A local company is trying to create a niche with nurses who want an upscale alternative to the scrubs commonly worn throughout the medical industry.
Brenda June Inc. of Akron is selling a line of fitted nurses’ tops, pants and shirts that are “made in the USA by American hands.”
The Brenda June apparel line, manufactured for the company by Royal Park USA at the Burlington Technologies plant in North Carolina, is made from woven and knit blends.
Founder June DeAngelis and her sister, company President Apryl Gleespen, wanted to sell American-made apparel even though it’s more costly to make as a way to honor their late mother, who picked cotton as a young woman in Arkansas.
“She would be so darn proud,” Gleespen said.
Unlike many of today’s colorful print scrubs, Brenda June’s apparel is all white — a complete change from DeAngelis’ original plans.
When DeAngelis started the company three years ago that has her full name, she wanted to design medical uniforms featuring uplifting artwork she created as a way to grieve after the death of her mother.
But then Gleespen became extremely ill after she contracted a Clostridium difficile (C. diff) infection during a hospital stay in the summer of 2011. Medical experts recommended she wash clothes with bleach to kill the bacteria.
C. diff infections cause severe diarrhea, damage that can result in surgical removal of the colon and even death.
“We thought, ‘We can’t do artwork on these,’ ” Gleespen said of Brenda June’s apparel. “They need to be bleachable.”
For now, the apparel is sold exclusively through the company’s website, www.brendajune.com. DeAngelis’ artwork is used on accessories that are sold on the website as well.
Brenda June faces plenty of competition from retail stores and online businesses selling scrubs to nurses at considerably lower prices.
Many online retailers sell scrub tops and pants for $30 each or less, compared to $115 or $140 for Brenda June’s pants or $103 to $116 each for its line of tops.
But DeAngelis’ goal is to attract just a small fraction of nurses looking for upscale, well-designed apparel, similar to the way some shoppers will shell out hundreds of dollars for a Coach purse instead of a discount store model.
“They can upgrade and look better on the job,” DeAngelis said. “We realize not everyone wants the top of the line.”
According to the U.S. Bureau of Labor Statistics, an estimated 2.7 million registered nurses are employed nationwide. That number is expected to grow by more than 526,000 by 2022.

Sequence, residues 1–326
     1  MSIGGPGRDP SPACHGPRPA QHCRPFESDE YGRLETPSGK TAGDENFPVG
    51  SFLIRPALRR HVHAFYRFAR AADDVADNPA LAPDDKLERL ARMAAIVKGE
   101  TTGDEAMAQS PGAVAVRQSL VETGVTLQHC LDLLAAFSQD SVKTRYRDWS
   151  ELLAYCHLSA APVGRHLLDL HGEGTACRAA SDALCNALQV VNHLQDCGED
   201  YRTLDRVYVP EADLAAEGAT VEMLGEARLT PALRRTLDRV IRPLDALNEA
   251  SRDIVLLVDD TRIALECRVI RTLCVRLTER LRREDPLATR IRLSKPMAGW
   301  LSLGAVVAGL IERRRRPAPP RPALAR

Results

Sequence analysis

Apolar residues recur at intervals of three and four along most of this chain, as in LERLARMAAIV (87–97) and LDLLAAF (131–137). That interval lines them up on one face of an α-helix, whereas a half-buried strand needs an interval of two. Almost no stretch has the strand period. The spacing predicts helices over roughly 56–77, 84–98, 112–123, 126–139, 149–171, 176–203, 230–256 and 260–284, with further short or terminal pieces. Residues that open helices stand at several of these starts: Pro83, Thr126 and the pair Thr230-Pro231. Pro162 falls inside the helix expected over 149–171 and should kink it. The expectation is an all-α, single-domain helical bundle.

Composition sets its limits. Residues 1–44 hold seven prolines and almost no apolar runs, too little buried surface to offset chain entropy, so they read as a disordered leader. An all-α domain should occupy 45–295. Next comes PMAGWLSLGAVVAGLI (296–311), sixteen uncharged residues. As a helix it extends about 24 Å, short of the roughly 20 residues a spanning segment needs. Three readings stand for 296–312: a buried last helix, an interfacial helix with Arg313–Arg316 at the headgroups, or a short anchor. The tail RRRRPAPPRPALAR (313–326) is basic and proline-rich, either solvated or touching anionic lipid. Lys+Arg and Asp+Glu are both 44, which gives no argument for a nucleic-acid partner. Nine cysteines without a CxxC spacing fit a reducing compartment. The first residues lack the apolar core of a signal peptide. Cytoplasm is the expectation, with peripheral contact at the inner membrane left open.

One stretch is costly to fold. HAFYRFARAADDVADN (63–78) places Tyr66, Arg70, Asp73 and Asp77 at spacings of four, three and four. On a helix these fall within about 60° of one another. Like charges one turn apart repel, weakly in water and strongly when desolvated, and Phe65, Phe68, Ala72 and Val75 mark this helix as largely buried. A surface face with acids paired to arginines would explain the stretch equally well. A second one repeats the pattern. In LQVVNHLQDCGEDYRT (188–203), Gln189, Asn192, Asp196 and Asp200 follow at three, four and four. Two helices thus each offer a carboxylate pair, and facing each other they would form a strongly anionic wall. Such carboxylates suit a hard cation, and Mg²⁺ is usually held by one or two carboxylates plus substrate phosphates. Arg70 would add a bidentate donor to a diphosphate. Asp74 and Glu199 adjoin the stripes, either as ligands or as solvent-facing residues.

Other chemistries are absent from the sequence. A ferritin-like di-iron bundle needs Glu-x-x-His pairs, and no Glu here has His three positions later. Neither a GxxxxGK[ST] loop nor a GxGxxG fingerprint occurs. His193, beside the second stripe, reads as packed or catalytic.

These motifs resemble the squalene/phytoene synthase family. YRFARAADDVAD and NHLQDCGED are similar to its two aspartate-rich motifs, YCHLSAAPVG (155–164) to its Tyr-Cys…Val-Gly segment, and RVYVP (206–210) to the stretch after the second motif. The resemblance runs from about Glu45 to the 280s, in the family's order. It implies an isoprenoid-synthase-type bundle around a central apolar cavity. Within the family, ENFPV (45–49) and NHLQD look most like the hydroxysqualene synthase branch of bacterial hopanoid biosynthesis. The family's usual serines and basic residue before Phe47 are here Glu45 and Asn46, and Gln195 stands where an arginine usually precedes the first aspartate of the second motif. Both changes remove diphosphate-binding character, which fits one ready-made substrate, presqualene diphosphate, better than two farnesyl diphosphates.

“I think there’s a great need for this,” DeAngelis said. “We saw a need to really bring back a professional image. … When you dress professionally, you work professionally.”
DeAngelis said she started the company with her own money, but she declined to release financial details. The goal is to be profitable by the end of the year.
To get the products out into the market, Brenda June has launched an “ambassador” program, which provides apparel to nurses to try. A Northeast Ohio infectious disease practice is among the offices that has agreed on a trial for the apparel.
“It’s an educational process,” DeAngelis said.
“People need to see them, feel them,” her sister added.
Susan Benner, a registered nurse who works at Wildwood Orthopaedic and Spine Hospital in Toledo, has been wearing the products for the past three months as a company ambassador. She was introduced to the company through the friend.
Benner, who has been using the Brenda June cargo pants and a vest, said in an email interview that “the fit is exceptionally comfortable, stylish and flattering to wear.
“I am very impressed with the care that was taken in the design to provide a very functional garment,” she said. “Bending, stretching, reaching and stooping over, the garment stretches in just the right places and conforms to one’s shape. I like that the garments are bleachable and after repeated washings they have held up extremely well.”
Benner said she likes the professional look of the clothes compared to scrubs.
“As I was walking through the lobby of my hospital, I was approached by an individual who was lost and asked if I could help her,” she said. “After providing her with directions to the surgical waiting area, she thanked me and then commented on how professional I looked and that she liked that I was wearing white. She was able to identify that I was a nurse. I really believe that how you dress does and will convey to the public a sense of professionalism.”
Cheryl Powell can be reached at 330-996-3902 or email@example.com. Follow Powell on Twitter at twitter.com/CherylPowellABJ.